Thursday, June 12, 2008
When the final bell of the year rang at Marina High last week, not a single student was looking forward to a graduation ceremony. It’s a scenario unique to Monterey County, but at this school, the out-of-the-ordinary factoids only start there.
Partnerships with local environmental organizations and top marine conservation institutions give its students hands-on opportunities that most do not receive until college– if at all. Students dedicate an impressive amount of outside hours to the community– despite the fact that they aren’t required to. And an uncanny family spirit has taken hold in a context where cliques typically reign.
Principal Don Livermore has observed the school’s evolution closely. “We’re the ‘Cheers’ school,” he says. “This is a school where everyone knows your name.” As the school enters a critical growth spurt next year, however, that feel-good atmosphere will be tested– 2008-09 will be the first year that all Marina-area students will be required to attend Marina High. When the school reaches capacity, it will be the largest on the Peninsula, holding as many as 1,400 kids.
A big reason students at Marina High get along well is because the school is young, tiny and filled with kids who have chosen to be here. Having opened its doors two years ago with 150 freshmen and sophomores who had the choice of attending either Seaside High or Marina, only 400 students are expected next year, the first it will house four grades and graduate seniors.
The administration’s willingness to make some innovative structural moves has also augmented the school’s friendly atmosphere. Since its inception, Marina High has avoided the prototypical academic hierarchy within its student body: All students are considered college preparatory, including special education students. Students who need extra help aren’t separated, but given targeted study skills classes.
Science instructor Myah Gunn has been here since the beginning. “We decided to be all-inclusive,” she says. “What’s great here is because we started only two years ago we get to decide who we are going to be. We are setting the culture of the school.”
Students recognize this all-inclusive environment as critical in preventing the divisiveness that plagues many high schools. Melodie Gibson, a junior, was here when the school opened, having come from Cypress Grove Charter High School. She admits she was skeptical, but the climate of the campus won her and her friends over. “We really started to like Marina High,” she says.
Group projects in the community help foster that camaraderie. Marina High has forged partnerships with CSUMB’s Return of the Natives Program, Kiwanis Club, the Lions Club, the Rotary Club, and the city of Marina, among others. Students have participated in the city’s Labor Day Parade, the Harvest Festival and tree-lighting ceremony, and logged volunteer hours with the massive Imjin Bike Race. In May, more than 70 students volunteered at Marina’s Wind Festival, helping run food booths, the air park, and the aquarium area. Most recently, Marina High put on its annual International Festival, which featured students performing dances and songs from around the world. Even Livermore marvels at the students’ dedication. “We have students with over 200 hours of community service,” he says, “and we don’t require it.”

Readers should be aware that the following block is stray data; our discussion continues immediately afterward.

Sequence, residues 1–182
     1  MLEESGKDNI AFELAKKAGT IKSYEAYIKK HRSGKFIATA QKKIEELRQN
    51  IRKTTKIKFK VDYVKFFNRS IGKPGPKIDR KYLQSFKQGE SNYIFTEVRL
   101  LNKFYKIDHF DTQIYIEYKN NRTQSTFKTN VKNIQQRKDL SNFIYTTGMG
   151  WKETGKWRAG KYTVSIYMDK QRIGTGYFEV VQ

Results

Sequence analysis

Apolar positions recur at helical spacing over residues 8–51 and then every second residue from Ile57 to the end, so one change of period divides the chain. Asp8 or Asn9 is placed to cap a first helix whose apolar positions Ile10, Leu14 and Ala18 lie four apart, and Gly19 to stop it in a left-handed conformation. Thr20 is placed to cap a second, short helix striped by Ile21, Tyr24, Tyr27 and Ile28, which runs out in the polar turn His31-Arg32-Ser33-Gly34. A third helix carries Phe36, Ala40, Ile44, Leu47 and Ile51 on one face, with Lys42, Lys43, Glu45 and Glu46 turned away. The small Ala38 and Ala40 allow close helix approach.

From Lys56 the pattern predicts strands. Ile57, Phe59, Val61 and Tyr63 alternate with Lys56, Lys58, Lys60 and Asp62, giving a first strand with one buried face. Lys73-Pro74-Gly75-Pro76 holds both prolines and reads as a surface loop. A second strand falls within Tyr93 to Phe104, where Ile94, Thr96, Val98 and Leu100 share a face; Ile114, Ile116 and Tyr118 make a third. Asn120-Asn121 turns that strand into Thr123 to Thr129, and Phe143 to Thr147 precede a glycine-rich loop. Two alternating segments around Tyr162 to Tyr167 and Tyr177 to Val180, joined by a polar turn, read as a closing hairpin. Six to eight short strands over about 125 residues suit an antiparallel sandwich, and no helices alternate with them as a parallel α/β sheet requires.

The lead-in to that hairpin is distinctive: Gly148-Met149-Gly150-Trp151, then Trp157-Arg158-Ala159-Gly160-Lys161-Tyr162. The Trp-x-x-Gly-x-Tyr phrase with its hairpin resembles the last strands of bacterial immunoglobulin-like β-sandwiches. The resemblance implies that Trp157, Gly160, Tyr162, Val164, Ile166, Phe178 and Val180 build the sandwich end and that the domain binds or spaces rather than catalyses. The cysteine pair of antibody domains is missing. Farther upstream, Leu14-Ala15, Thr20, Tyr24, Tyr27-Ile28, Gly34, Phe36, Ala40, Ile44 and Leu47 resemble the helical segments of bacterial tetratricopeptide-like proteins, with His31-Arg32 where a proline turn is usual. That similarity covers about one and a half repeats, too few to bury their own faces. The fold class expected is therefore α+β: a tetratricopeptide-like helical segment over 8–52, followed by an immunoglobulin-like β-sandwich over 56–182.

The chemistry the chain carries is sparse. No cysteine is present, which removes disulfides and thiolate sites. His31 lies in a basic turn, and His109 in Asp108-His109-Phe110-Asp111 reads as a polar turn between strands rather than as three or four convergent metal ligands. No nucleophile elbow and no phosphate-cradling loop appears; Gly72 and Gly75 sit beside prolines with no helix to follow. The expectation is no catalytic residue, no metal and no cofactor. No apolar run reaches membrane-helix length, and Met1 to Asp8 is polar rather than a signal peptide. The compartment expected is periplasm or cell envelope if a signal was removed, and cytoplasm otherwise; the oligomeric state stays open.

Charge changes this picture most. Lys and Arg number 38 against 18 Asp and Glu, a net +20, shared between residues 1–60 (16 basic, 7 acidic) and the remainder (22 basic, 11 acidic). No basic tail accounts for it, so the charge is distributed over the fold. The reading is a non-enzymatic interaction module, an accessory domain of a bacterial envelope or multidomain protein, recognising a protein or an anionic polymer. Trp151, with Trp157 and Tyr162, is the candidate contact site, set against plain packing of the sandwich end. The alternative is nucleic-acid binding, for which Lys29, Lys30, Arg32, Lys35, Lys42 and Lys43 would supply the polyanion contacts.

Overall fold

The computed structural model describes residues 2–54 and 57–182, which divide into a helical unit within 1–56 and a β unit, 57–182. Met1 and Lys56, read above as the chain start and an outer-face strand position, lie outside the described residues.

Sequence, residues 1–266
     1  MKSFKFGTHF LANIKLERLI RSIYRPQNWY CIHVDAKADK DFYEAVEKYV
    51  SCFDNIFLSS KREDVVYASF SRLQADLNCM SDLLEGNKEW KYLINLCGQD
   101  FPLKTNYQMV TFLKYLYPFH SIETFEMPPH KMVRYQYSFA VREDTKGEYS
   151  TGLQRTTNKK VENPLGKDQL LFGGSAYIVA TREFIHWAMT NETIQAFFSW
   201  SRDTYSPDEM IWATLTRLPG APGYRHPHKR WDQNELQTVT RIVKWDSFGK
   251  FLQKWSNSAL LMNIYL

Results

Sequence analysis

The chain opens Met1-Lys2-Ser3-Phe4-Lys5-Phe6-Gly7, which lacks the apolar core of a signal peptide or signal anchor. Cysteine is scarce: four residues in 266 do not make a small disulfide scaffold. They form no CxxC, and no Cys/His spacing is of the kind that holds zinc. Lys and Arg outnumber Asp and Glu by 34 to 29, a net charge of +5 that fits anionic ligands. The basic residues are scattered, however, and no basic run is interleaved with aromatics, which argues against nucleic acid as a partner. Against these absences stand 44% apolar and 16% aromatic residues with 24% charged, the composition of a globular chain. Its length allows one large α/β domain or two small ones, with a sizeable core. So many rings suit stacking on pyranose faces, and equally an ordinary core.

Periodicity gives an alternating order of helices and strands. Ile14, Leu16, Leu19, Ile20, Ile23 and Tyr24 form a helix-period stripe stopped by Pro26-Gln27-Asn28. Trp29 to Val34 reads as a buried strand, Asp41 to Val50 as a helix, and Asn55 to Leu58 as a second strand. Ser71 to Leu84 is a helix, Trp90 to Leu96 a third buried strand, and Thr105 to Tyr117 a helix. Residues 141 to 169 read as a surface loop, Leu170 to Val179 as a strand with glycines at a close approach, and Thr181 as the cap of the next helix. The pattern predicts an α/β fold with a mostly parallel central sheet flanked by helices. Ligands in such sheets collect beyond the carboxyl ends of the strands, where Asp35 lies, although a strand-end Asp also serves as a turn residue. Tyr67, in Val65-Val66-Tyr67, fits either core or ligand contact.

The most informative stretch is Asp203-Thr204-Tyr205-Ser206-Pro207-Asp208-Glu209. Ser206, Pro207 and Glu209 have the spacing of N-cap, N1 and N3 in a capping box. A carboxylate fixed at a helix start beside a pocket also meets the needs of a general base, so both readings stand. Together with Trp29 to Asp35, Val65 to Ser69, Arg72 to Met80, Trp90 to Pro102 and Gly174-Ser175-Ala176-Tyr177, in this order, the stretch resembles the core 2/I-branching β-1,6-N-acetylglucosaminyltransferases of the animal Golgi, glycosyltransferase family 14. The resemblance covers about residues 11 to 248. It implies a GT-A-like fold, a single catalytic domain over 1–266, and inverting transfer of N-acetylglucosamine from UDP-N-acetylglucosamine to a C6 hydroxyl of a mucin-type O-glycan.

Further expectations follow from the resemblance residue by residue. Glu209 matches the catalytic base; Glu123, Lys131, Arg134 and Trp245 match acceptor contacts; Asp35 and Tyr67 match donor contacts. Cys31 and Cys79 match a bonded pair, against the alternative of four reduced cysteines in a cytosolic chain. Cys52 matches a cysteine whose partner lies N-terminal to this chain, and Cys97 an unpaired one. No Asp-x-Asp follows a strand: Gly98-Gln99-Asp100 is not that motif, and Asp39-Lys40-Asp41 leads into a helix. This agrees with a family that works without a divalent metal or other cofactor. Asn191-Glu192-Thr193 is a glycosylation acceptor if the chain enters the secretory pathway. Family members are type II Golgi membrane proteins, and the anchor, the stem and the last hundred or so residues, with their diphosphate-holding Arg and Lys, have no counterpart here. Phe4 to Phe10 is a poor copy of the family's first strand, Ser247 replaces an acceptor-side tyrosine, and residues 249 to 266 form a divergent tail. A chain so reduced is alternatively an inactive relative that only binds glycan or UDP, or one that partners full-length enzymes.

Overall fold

Also noteworthy is the school’s close partnerships with area marine conservation organizations. Students have been involved with Moss Landing Marine Labs, visiting the site and studying the aquaculture work taking place; in July, internships will be available there, granting students an opportunity to work with researchers and receive a $1,000 stipend. Marina High is also fostering a relationship with Monterey Bay Aquarium Research Institute to “best stimulate engineering and technology interests and influence future career choices.”
These opportunities are heady stuff for a school that started the year with a miniscule budget of $7,000. Fortunately, it’s gotten help: Last year, the school received $90,000 in donations, including a Wells Fargo donation of $22,000 to fund the library. When the music department found itself lacking instruments, music teacher Jennifer Parker was astounded by the response: “I came in one day and the grandparents of one of my students had gone out and bought two basses and donated them.” Community members have even come out to paint the school’s dull buildings and transform its worn-out benches.
Sophomore Sarah Livingston Reed describes the overall effect succinctly: “It has the feeling of being a family.”